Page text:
The snow clouds continued to release their bounty as she approached the cabin.    She pulled the car up to the garage and got out to open the door, nearly jumping out of her skin to discover the family of raccoons living there.   They scurried off and she parked the car, quickly unloading and getting into the cabin.  It was much colder in the winter.  Luckily they had supplied the cabin with lots of firewood, anticipating much more use, many more weekends, the fun and joy that adventures in the wilderness would bring.   But today, this was a refuge, a memory and nothing more than a place that she would decide whether or not this was a life worth living for.   The grief counselors had suggested she get away, maybe spend some time with friends or family.  The prescription for prozac had gone unfilled.  Grief was the word used, but almost felt like a stupid word, as it couldn’t contain the emotions she was feeling.  She wasn’t even sure that it was emotion, as it resembled nothing she could compare it to.  It came in waves, in came in sharp pains, and it just kept coming.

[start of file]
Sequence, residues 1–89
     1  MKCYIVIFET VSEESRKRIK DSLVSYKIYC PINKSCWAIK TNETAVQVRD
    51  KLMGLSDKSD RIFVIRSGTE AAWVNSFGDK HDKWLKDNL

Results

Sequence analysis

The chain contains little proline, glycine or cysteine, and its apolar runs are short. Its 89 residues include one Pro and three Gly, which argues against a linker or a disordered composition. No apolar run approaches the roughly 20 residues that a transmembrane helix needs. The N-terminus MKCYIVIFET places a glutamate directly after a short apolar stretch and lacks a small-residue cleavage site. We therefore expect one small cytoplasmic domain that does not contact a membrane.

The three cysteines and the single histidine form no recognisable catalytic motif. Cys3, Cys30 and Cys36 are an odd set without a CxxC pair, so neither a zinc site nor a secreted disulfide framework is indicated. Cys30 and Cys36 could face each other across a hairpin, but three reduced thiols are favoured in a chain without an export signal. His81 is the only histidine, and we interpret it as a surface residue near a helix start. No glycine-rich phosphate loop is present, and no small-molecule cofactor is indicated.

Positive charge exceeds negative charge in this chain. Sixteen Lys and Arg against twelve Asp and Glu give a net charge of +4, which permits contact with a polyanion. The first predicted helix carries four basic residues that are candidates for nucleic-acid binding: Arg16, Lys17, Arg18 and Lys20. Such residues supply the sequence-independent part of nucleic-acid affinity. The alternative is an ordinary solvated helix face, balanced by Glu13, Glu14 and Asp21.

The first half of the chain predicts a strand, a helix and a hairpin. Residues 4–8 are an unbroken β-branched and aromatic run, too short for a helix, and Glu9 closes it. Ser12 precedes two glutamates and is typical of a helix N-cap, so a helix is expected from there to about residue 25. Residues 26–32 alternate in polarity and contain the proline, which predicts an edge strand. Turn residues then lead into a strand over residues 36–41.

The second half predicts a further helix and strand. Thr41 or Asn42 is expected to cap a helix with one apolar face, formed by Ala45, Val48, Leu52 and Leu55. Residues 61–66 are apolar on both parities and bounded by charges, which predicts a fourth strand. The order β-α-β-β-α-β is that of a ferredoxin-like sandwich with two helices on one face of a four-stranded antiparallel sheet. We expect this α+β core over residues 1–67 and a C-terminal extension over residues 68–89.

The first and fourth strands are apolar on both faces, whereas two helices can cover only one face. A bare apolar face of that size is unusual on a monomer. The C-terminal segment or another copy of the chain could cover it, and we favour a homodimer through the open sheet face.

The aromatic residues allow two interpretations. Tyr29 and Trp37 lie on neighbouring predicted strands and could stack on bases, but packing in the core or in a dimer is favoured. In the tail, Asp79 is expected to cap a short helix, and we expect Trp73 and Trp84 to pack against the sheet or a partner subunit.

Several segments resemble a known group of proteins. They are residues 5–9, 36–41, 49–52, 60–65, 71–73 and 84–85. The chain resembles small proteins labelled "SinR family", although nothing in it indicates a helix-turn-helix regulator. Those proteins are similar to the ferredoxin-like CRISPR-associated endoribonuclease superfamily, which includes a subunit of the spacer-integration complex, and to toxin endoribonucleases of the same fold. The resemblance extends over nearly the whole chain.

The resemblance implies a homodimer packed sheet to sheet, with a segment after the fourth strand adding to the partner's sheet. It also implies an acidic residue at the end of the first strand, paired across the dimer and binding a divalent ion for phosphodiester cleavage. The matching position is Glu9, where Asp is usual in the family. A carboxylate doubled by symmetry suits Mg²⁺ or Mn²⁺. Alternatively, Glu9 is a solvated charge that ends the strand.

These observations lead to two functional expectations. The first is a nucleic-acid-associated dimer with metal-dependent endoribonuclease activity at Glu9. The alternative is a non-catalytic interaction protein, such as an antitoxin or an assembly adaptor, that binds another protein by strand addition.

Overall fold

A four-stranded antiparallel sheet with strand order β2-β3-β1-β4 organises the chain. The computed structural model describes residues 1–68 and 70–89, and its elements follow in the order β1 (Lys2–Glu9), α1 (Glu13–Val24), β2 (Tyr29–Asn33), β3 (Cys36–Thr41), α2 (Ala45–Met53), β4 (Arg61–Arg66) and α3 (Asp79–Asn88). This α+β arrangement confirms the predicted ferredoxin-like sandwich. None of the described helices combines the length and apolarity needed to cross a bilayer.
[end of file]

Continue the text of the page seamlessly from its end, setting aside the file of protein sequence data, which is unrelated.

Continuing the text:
When she unpacked the food she had brought, she almost laughed, marshmallows, chocolate, cupcakes, bacon, eggs and a bag of salad, a box of wine.  She made a fire and thought she should eat.  She hadn’t eaten much for months, nothing fit anymore and she had little interest in clothing or anything else.  She didn’t force herself to do much, except eat once a day.  Coffee, a bagel was most of the faire she could keep down and keep going with.   She found an expired package of graham crackers in the cupboard and decided to make a smore.  She burnt the marshmallow but ate it anyway, watching the snow fall.  There wouldn’t be anyone around to stop her if she decided to do what she wanted to do anyway.  It was then that the fatigue hit her.  The fatigue of six months of making an impression at the new job and driving the kids to soccer and ballet, of making late night dinners and early morning meetings, of making an impression by attending all the meetings and events and fundraisers.  And when the accident happened, the sleepless nights at the hospital before gripping hands and turning off of machines, of hoping and praying and giving up hope and resurging hope and losing it all anyway.  She wanted to sleep.  And never wake up.